Shutdown could take a toll on EIS
- By Mark Rockwell
- Jan 17, 2019
Late last year, the General Services Administration extended existing Networx and Washington Interagency Telecommunications System contracts, giving agencies until 2023 to transition to the new $50 billion governmentwide telecom contract, Enterprise Infrastructure Solutions. The current contracts had been set to expire in 2020.
Even with the extension, contractors named to EIS are seeing some effects on planning from the partial shutdown of government.
As part of the extension, Bill Zielinski, deputy assistant commissioner of the Office of Information Category in GSA's Federal Acquisition Service, told agencies they would have to make good use of the additional time, including taking a more aggressive approach to their initial EIS solicitations. Zielinski said he wanted agencies to have solicitations out by March 31 with a slate of awards by September.
That revised deadline is likely to slip, said Diana Gowen, senior vice president at MetTel, one of the prime contractors on EIS.
"The government will have to extend. There is no real choice," Gowen said.
She noted that some agencies that had been out front with EIS transition and modernization plans, such as the Departments of Justice and Commerce, are operating on shutdown plans and unable to proceed with solicitations.
David Young, senior vice president of strategic government at CenturyLink, told FCW that GSA's goals for 2019 are mostly "aspirational" and that a delay in issuing solicitations doesn't affect the longer-term goal of transition by 2023.
"It's going to end," said Young of the shutdown. There are over 100 agency fair opportunity solicitations currently under review by GSA and the Office of Management and Budget. "We expect a tsunami" of solicitations in the coming months, he said.
The shutdown is impacting EIS contractors as well.
Gowen said that MetTel, one of the smaller services providers to land a prime spot on EIS, has reduced working hours for some of the hired hands it brought on to help with duties in support of the vehicle.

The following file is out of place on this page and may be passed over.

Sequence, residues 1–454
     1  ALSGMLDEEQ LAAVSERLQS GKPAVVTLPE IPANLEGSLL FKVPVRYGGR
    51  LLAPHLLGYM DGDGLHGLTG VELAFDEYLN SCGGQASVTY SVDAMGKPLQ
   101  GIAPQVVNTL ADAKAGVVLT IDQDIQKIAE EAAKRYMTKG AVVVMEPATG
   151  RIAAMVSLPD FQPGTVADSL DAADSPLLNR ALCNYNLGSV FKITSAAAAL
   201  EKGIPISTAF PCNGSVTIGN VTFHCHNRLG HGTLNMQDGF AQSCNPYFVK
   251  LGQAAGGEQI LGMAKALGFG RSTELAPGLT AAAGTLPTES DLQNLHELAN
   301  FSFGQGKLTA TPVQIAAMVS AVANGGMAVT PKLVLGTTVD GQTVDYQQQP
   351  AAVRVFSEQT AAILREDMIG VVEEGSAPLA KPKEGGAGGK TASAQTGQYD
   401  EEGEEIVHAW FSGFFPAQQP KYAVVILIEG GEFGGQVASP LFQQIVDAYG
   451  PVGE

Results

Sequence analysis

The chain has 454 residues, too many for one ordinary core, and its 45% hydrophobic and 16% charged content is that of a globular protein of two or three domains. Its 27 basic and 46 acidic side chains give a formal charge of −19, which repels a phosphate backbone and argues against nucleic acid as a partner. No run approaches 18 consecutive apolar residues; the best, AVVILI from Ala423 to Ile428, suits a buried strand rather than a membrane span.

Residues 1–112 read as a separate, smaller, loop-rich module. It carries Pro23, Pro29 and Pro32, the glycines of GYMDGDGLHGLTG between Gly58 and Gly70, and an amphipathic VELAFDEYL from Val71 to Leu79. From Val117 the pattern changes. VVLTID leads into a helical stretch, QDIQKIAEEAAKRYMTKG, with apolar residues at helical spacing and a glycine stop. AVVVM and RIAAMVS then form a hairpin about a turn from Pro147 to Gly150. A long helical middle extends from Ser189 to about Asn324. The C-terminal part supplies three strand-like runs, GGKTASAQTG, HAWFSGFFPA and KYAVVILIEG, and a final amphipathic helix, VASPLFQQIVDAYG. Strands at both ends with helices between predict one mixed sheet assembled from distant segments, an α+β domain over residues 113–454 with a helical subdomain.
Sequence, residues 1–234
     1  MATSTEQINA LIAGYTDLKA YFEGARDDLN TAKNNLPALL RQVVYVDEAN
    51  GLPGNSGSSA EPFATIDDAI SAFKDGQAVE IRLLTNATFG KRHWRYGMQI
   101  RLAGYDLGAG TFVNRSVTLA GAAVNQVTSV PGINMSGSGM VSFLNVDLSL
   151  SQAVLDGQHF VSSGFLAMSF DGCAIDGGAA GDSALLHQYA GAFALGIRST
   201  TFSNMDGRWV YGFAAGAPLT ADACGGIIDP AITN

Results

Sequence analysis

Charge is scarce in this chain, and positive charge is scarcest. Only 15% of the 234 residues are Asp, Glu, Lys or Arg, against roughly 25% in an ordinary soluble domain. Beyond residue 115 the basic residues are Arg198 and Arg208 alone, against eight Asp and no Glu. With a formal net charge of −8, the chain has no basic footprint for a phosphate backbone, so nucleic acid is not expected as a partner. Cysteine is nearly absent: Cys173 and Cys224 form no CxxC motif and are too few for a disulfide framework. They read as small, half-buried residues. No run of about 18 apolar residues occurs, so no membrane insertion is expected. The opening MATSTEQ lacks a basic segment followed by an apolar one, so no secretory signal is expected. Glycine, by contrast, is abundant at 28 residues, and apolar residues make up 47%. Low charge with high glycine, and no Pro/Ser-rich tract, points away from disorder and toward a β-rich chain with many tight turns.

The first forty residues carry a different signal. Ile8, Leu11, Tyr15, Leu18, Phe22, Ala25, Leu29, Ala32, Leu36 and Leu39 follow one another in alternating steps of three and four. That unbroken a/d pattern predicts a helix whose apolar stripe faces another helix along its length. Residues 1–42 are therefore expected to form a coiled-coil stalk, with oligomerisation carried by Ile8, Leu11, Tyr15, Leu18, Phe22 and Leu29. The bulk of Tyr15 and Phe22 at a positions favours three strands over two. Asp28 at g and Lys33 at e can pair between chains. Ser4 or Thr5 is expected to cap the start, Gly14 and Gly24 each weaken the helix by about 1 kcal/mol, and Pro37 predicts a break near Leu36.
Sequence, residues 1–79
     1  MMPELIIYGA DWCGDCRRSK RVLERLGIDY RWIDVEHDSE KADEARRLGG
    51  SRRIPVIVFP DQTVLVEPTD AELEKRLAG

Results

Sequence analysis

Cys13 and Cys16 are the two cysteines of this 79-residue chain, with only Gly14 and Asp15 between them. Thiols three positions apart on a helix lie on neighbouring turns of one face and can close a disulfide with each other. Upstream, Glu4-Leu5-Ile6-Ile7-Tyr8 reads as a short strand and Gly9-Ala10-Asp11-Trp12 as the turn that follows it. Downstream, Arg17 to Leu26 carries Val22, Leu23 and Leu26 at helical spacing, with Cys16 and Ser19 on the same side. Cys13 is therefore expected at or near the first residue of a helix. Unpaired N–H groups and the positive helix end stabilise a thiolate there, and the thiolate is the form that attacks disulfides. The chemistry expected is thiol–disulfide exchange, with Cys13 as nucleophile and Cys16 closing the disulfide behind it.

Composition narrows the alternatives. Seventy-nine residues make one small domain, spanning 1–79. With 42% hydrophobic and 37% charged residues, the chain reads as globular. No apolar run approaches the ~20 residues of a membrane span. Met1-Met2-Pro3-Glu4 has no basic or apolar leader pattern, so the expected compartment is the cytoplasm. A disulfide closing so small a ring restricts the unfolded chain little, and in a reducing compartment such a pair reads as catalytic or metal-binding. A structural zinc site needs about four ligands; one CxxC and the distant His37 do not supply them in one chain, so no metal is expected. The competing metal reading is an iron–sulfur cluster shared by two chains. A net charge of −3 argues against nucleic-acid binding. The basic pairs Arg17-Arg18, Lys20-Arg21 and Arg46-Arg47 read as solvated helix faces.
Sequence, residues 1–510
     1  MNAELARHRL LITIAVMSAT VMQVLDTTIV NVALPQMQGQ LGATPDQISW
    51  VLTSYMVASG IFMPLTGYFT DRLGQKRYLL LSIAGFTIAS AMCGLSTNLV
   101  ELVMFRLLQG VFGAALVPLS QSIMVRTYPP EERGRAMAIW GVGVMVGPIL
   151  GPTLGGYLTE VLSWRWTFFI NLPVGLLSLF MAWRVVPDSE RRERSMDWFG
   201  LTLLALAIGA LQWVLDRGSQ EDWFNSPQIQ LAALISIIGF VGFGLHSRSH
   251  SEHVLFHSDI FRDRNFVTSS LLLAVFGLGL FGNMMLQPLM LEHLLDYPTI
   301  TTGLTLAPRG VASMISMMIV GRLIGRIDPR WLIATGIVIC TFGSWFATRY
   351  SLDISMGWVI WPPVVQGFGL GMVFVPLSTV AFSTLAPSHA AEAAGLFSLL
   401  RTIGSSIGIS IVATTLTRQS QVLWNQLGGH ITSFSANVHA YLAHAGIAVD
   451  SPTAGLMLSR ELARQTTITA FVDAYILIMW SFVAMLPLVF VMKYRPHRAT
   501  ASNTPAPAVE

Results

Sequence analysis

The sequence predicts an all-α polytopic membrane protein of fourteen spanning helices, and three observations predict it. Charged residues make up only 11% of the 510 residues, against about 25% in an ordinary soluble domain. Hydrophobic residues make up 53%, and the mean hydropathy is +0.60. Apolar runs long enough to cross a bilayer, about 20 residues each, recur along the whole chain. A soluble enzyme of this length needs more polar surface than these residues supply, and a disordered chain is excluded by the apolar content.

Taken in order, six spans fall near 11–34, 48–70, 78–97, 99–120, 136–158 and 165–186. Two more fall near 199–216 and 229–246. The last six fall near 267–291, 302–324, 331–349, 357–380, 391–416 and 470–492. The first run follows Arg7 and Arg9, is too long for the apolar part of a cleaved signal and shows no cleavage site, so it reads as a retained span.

Young said that CenturyLink, one of the bigger vendors, is still hiring people to help with its EIS work.
Both companies are using the reduced activity as a result of the shutdown to bolster their offerings and hammer out specifics for responses to agencies. Gowen said MetTel is responding to task orders from agencies such as the National Labor Relations Board that are in operation.
Federal contractors across the board have told the Professional Services Council in the last few days that they are feeling the effects of the shutdown, said David Berteau, the organization's president and CEO.
Berteau said the effects of the shutdown on federal contractors are cumulative and accelerating during a Jan. 17 call with reporters.
"We've heard stories of no one home to answer questions on proposals" or respond to requests for clarification, said Berteau. Uncertainty about how contracts will proceed is a big issue and a very bad thing for companies, he said.
Small businesses, in particular, are in trouble. With revenue absent, some face staff reductions or worse, said Berteau. "This is an intolerable situation for anyone who does business with the government," he said.
Mark Rockwell is a senior staff writer at FCW, whose beat focuses on acquisition, the Department of Homeland Security and the Department of Energy.
Before joining FCW, Rockwell was Washington correspondent for Government Security News, where he covered all aspects of homeland security from IT to detection dogs and border security. Over the last 25 years in Washington as a reporter, editor and correspondent, he has covered an increasingly wide array of high-tech issues for publications like Communications Week, Internet Week, Fiber Optics News, tele.com magazine and Wireless Week.
Rockwell received a Jesse H. Neal Award for his work covering telecommunications issues, and is a graduate of James Madison University.
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